Downtown Dramatics IV: New York Theatre Workshop

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Emma Gold is a Highlighter staff columnist.

It’s hard to make out the New York Theatre Workshop from the surrounding architecture with its minimalist exterior and unassuming glass doors. Within this downtown institution, however, history has been made since its founding in 1979. Its main theatre is a 198-seat proscenium stage, but instead of the polished walls and sconces you’d normally see even in an off-Broadway space, you’re greeted with exposed brick, pipes, and wires. It seems modest, but it’s impossible to forget the shows that have graced that stage in its past. With over 500 affiliated artists referred to as the “Usual Suspects,” it’s difficult to find a limit to the renowned directors and playwrights that have both workshopped in its 75-seat blackbox and led productions on the mainstage.

NYTW’s first seasonal venue was the Perry Street Theatre in the West Village, and its current 79 E 4th Street address wasn’t purchased until 1992. New York Theatre Workshop’s newer location also became included in the rich history of the Fourth Arts Block. Founded in 2001 as an extension of the East 4th Street Cultural District, this organization acquired eight city-owned buildings with the purposes of fostering art in the area, and is now home to 12 art groups and 17 performance and rehearsal venues. New York Theatre Workshop stands prominently among the other cultural institutions in the East Village as one that has, in their words, become a “laboratory for theatrical exploration.”

One of the most significant alums of NYTW is Jonathan Larson’s “Rent,” which premiered there after two years of workshops just blocks away from the 11th Street and Avenue B lot referenced in the musical. “Rent” was an utterly revolutionary rock musical, finding commercial success for over a decade after catapulting from East 4th Street to Broadway. Tony-Award-winning productions that have originated here also include “Peter and the Starcatcher,” a popular show from the 2010-11 season that featured Celia Keenan-Bolger and Christian Borle, and “Once,” a long-running, minimalist, and gorgeous musical based on the 2007 movie of the same name.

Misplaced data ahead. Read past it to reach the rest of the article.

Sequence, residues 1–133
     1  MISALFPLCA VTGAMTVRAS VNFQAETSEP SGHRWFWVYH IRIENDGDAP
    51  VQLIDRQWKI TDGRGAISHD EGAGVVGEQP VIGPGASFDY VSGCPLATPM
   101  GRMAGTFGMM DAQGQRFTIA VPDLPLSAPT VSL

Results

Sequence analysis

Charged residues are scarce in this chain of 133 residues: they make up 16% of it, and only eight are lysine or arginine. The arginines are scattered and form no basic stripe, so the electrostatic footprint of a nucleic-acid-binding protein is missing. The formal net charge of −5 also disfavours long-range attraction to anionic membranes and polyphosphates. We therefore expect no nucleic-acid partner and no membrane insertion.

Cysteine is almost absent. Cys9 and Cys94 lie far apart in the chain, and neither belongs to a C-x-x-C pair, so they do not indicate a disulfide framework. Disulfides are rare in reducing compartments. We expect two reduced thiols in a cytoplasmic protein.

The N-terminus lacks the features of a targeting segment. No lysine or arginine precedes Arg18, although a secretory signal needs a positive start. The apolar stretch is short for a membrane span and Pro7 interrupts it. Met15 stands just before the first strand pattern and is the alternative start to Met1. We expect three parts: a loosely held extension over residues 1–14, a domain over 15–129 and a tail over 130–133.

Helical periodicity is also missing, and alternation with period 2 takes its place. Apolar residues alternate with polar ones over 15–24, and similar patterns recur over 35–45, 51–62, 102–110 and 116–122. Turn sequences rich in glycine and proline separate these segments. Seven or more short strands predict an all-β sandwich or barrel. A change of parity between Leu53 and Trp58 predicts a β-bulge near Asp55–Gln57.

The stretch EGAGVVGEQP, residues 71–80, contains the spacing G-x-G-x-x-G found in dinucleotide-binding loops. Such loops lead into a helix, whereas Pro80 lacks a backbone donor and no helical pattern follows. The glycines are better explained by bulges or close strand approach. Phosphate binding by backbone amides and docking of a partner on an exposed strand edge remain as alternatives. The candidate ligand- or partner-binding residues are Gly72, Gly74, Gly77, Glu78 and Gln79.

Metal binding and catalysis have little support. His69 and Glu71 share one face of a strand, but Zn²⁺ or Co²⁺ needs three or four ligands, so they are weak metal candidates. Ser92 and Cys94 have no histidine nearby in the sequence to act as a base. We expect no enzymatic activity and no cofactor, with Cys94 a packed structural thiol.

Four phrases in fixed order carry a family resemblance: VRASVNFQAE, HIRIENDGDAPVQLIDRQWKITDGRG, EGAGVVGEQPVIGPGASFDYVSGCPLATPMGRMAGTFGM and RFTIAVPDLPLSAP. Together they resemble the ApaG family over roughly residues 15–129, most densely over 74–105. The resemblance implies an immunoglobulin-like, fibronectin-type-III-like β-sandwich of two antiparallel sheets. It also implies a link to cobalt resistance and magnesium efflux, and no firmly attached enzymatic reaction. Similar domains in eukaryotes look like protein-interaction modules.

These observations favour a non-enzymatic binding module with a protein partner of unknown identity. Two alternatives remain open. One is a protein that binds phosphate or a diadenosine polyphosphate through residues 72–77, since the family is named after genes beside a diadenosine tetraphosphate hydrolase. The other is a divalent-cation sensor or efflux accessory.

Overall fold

This season has shined a spotlight once again on New York Theatre Workshop, most significantly with “Lazarus,” the impenetrably sold out and ultimately memorializing David Bowie musical. Directed by Ivo Van Hove who has also helmed “A View From The Bridge” and “The Crucible” uptown, this production was vehemently sought after by David Bowie die-hards and theatre patrons alike. Theatre critic Ben Brantley called it a “sci-fi pageant of extraterrestrial angst,” a strange and often indescribable foray into David Bowie’s alien universe. Although due to its oddities the show wasn’t initially planning on transferring uptown, it suddenly (and unfortunately) became a foreseeable option after Bowie’s death.

“Red Speedo,” written by Lucas Hnath and directed by Lileana Blain-Cruz, opened this past week at NYTW. Hnath’s play “The Christians” was well-received at Playwrights Horizons earlier this season, and “Red Speedo” is surprisingly contrasting. Written with characters tripping over their own language, this play depicts the rocky relationships between brothers, a swimmer, and his performance enhancing drugs. One of the most intriguing aspects of this production is the full pool onstage. Its glass walls allow the audience to see the main character do laps, and provides a fascinating setting for the dramatic action. After “Red Speedo” shutters, “Hadestown” will take its place in May. Rachel Chavkin will direct the production, who has directed the past and future iterations of “Natasha, Pierre, and the Great Comet of 1812.” Written by folk singer Anaïs Mitchell and based off of her 2010 concept album of the same name, this likely unconventional folk opera will tell the tale of Orpheus’ quest and an industrial, post-apocalyptic world called Hadestown. A production of “Othello” is already set for next season, directed by Sam Gold and featuring film stars Daniel Craig and David Oyelowo. Although no other productions have been announced yet, the future of New York Theatre Workshop will undoubtedly be game-changing.

Bonus Fun Fact: On Friday, the upcoming film “Collateral Beauty” happened to be shooting a scene with Keira Knightley and Edward Norton directly in front of New York Theatre Workshop’s doors.

Rush tickets are available when the box office opens (normally at noon) for $25.

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